The Fort Worth Police Department enjoys a close and cooperative relationship with our citizens; one of transparency, mutual trust and respect. The Fort Worth Police Department expects every officer to treat persons they encounter with that same trust, respect and courtesy.
We acknowledge that the initial appearance of the video may raise serious questions. We ask that our investigators are given the time and opportunity to thoroughly examine this incident and to submit their findings. This process may take time, but the integrity of the investigation rests upon the ability of the investigators to document facts and to accurately evaluate the size and scope of what transpired. We ask our community for patience and calm during this investigation process."
NBC 5's Alice Barr reports internal affairs officers were canvassing the neighborhood Thursday afternoon, speaking to the man involved in the initial incident as well as any witnesses.
The head of the American Civil Liberties Union of Texas said in a statement Thursday that she's disappointed the officer is being given 48 hours to prepare a report on the incident:
"We regret that the FWPD is giving the officer 48 hours to prepare his report on the incident. That leaves us with only the video on which to rely for information.
When the mother of a seven-year-old boy calls the police to report an assault on her son, the responding officer should expect to find her distraught. In this instance, the officer ignored basic community policing standards and his own responsibility to de-escalate the confrontation.
This incident and countless others like them demonstrate that for people of color, showing anything less than absolute deference to police officers — regardless of the circumstances — can have unjust and often tragic consequences.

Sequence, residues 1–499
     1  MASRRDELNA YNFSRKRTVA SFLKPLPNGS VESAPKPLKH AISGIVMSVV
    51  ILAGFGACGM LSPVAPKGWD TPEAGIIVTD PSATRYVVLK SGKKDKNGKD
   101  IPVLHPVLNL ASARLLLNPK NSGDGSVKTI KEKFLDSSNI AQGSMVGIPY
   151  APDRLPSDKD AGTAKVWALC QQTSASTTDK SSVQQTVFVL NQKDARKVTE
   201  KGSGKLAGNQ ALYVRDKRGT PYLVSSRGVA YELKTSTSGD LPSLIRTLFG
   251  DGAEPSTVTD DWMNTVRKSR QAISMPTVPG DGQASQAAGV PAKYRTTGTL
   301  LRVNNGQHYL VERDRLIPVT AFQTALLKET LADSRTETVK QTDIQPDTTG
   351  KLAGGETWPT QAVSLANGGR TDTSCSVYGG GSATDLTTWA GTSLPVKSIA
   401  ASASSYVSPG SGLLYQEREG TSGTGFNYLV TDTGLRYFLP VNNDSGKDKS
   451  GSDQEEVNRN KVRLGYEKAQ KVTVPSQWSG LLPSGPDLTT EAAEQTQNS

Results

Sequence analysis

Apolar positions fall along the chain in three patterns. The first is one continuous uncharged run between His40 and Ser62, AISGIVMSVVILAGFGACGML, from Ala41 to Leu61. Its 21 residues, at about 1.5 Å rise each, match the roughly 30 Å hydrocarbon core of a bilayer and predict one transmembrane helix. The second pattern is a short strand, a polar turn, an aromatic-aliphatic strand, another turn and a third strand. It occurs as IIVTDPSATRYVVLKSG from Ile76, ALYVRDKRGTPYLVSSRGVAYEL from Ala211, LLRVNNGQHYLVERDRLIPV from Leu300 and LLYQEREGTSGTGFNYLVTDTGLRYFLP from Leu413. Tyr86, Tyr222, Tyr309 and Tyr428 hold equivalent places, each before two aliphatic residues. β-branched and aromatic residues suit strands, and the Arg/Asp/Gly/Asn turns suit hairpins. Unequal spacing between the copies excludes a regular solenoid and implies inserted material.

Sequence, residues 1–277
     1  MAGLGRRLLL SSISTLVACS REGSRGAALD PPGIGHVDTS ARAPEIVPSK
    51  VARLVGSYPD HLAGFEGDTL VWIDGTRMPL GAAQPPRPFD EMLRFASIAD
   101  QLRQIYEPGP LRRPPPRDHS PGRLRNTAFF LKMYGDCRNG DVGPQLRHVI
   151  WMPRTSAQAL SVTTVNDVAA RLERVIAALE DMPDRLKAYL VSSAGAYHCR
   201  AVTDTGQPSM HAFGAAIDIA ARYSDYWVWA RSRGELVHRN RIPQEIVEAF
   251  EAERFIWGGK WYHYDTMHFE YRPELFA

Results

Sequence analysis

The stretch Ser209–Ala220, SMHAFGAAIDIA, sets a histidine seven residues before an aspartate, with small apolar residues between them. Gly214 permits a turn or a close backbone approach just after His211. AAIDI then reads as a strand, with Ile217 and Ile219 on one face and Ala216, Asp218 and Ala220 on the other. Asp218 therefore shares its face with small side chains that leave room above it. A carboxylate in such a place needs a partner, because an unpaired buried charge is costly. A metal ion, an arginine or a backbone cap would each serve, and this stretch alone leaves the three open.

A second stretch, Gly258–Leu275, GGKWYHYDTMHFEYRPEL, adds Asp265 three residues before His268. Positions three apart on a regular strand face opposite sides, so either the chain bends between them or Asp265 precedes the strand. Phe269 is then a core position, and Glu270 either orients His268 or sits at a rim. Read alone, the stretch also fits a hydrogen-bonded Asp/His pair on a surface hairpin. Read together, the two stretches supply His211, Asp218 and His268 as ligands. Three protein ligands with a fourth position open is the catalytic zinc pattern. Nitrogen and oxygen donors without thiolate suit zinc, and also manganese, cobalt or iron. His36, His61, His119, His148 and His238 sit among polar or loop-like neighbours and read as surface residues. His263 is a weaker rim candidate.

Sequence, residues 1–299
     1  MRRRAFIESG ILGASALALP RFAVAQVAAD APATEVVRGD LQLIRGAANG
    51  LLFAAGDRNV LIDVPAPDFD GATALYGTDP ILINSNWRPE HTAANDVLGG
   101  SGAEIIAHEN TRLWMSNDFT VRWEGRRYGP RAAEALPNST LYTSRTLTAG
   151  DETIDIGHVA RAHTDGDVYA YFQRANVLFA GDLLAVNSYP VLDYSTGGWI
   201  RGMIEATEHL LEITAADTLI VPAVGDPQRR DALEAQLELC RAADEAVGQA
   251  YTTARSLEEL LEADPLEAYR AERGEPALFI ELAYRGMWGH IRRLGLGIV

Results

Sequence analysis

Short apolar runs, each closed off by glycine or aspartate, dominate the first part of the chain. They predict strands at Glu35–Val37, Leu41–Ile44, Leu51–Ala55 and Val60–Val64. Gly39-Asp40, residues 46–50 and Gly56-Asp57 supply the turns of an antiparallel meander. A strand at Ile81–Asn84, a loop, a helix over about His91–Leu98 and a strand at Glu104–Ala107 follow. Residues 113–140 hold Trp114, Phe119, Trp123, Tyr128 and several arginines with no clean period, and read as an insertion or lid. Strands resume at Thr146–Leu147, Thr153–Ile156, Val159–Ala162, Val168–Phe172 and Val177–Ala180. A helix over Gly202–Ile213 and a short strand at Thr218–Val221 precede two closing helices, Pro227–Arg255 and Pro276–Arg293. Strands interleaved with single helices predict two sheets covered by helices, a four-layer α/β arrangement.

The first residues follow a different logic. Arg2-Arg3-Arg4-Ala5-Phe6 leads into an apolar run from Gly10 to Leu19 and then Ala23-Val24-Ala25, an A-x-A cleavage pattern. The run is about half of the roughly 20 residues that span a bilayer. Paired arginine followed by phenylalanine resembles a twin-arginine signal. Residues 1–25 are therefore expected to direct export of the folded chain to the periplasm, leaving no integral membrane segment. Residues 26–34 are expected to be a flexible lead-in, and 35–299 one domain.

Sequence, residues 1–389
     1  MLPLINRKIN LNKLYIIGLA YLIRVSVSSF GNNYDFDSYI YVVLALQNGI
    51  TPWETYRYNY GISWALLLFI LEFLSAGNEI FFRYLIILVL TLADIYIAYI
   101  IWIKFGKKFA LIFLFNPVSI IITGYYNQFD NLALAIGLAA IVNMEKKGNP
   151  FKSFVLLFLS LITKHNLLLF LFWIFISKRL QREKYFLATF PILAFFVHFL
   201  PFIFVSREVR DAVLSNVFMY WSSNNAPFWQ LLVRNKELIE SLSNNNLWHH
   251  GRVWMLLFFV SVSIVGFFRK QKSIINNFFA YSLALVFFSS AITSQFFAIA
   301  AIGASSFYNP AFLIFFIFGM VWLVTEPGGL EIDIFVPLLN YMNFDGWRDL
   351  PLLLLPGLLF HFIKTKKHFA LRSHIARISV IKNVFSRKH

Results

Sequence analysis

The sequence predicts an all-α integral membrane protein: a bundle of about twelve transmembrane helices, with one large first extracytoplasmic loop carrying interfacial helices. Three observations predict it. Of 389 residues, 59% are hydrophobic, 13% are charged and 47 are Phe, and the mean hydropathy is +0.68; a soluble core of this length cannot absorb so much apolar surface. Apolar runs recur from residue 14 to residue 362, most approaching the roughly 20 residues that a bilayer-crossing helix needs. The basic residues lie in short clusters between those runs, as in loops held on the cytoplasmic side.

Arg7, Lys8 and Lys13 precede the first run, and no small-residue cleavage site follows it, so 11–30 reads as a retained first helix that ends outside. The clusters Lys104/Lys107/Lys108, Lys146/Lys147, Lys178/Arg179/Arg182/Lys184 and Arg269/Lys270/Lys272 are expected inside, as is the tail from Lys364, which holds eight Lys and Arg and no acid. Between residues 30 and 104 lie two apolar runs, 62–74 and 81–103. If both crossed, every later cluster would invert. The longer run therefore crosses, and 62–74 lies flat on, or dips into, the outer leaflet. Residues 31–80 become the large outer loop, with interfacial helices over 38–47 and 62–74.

This fundamental injustice is also a threat to public safety. If a Black woman in Fort Worth can't call the cops after her son is allegedly choked by a neighbor without getting arrested, why would she ever call the cops again?"
As of 4 p.m. Thursday, the video had been viewed nearly two million times.
While there is a blip in the video, Merritt told NBC 5 the video was not edited, someone called while they were recording and it temporarily interrupted the feed.
Protesters Call for Officer to be Fired
About 150 protesters gathered on the steps of the old Tarrant County courthouse Thursday evening to speak out against the officer and to speak up for the Craig family.
"We do not want this officer to resign. We want him terminated. We want the white gentleman that assaulted that 7-year-old child charged with assault," said Dominique Alexander, founder of the Next Generation Action Network.
Protesters were outraged by the conduct of the officer in the video. They called on Fort Worth Mayor Betsy Price and city leaders to take further action against the officer.
"It's time for Mayor Price and all these other people that run the city to get out from behind that desk and come out in the street. I'm not talking about in Saginaw, where they think they're safe, I'm talking about neighborhoods where I grew up. Act like they matter."
The Craig family made an appearance at the protest, but left shortly after, when protesters began shouting at each other.
"If you're going to protest, or whatever, let's make sure that it effective, let's do it in an effective manner. Let's make sure that we're getting the word out there to the proper individuals, so therefore we can get the change that we're needing in this community," Craig's brother Roderick Smith previously said.
NBC 5's Brian Roth, Tim Ciesco, Alice Barr and Cory Smith contributed to this report.